US imports spike as economy continues recovery: NRF


US imports surged to unexpected high levels this summer and may have hit a new record as the US economy continues to reopen and retailers stock up for the holiday season, according to the monthly Global Port Tracker report released by the National Retail Federation (NRF) and Hackett Associates. In July, imports were up 19.3 per cent from June.

US ports covered by Global Port Tracker handled 1.92 million Twenty-Foot Equivalent Units (TEU) in July, the latest month for which after-the-fact numbers are available. That was down 2.3 per cent year-over-year but up 19.3 per cent from June and significantly higher than the 1.76 million TEU forecast a month ago. A TEU is one 20-foot-long cargo container or its equivalent.

August was estimated at 2.06 million TEU, a 6 per cent year-over-year increase. "Actual August numbers won’t be known until next month, but that would be an all-time high, beating the previous record of 2.04 million TEU set in October 2018," the report said.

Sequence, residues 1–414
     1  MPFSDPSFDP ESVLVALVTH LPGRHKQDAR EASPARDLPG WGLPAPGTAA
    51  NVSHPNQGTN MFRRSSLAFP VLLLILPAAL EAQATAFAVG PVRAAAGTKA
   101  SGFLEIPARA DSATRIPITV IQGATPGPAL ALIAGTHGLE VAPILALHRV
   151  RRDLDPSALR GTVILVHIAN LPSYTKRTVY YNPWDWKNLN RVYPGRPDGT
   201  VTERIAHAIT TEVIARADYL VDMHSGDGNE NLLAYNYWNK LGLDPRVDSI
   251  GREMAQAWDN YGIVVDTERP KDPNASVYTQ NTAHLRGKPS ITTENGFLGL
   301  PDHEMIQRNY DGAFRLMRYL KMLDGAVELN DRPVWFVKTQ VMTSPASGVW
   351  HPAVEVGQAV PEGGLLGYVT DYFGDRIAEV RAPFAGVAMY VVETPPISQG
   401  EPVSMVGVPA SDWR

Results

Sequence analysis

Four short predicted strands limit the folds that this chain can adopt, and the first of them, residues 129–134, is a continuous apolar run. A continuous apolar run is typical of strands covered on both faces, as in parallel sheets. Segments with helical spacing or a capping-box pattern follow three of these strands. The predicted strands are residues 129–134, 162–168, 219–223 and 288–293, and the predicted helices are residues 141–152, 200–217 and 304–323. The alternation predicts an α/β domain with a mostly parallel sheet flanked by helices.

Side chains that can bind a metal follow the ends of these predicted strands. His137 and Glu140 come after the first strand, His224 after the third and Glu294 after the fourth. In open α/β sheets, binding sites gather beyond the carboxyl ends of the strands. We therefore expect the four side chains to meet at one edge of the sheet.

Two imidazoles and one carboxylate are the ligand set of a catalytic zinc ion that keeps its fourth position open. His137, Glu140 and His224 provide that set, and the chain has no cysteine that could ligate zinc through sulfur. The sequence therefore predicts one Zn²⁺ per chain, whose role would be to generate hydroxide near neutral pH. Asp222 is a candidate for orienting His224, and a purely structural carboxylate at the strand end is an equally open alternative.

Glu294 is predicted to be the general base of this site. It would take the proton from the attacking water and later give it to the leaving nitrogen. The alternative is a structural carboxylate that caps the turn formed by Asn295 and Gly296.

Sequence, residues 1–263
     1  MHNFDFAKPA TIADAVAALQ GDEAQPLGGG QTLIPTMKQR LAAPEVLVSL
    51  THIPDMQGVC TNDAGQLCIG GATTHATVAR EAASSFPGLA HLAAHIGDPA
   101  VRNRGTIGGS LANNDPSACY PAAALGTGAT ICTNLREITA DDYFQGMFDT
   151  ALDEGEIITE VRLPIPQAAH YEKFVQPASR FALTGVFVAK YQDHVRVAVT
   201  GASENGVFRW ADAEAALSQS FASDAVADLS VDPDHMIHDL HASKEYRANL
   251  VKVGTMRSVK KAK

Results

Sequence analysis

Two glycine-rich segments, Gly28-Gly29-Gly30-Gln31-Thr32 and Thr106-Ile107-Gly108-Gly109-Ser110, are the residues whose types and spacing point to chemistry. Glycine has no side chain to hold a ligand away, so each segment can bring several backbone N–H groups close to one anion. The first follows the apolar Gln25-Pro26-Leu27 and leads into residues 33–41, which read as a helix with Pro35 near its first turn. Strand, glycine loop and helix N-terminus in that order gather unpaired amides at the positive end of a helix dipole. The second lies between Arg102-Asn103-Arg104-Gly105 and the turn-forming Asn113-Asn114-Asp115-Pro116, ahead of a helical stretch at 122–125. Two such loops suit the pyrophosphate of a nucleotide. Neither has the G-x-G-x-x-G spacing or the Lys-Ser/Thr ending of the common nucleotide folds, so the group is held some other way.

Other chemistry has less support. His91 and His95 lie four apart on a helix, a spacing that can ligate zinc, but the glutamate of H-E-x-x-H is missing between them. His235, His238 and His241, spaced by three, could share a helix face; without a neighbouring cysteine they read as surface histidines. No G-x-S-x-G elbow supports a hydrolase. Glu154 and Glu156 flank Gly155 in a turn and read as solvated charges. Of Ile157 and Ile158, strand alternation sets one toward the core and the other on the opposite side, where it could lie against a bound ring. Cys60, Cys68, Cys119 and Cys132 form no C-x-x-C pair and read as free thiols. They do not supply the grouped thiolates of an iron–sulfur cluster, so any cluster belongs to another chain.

September is forecast at 1.89 million TEU, up 1.1 per cent year-over-year; October at 1.71 million TEU, down 9.2 per cent; November at 1.58 million TEU, down 6.8 per cent, and December at 1.53 million TEU, down 11 per cent.

Those numbers would bring 2020 to a total of 20.1 million TEU, a drop of 6.7 per cent from last year, still the lowest annual total since 19.1 million TEU in 2016. The first half of 2020 totaled 9.5 million TEU, down 10.6 per cent from last year.

The forecast numbers call for 7.58 million TEU during the July-October “peak season” when retailers rush to bring in merchandise for the winter holidays, making 2020 the third-busiest peak season on record following 7.7 million TEU in 2018 and 7.66 million TEU last year.

January 2021 is forecast at 1.6 million TEU, down 12 per cent from January 2020.

“It’s important to be careful how much to read into these numbers after all we’ve seen this year, but retailers are importing far more merchandise for the holidays than we expected even a month ago,” NRF vice president for Supply Chain and Customs Policy Jonathan Gold said. “Some of these imports are helping replenish inventories that started to run low after consumers unleashed pent-up demand when stores reopened. But this is the clearest sign yet that we could be in for a much happier holiday season than many had thought.”

“The economy has come into sharp focus, and for good cause,” Hackett Associates founder Ben Hackett said. “The previous yo-yo pattern of import levels reached a peak in July that appears to have extended into August. Nonetheless, data from around the globe is a mix, with a weak recovery as Europe struggles with rising COVID-19 numbers but China’s exports remain solid. Will this last? A lot of uncertainty is in play.”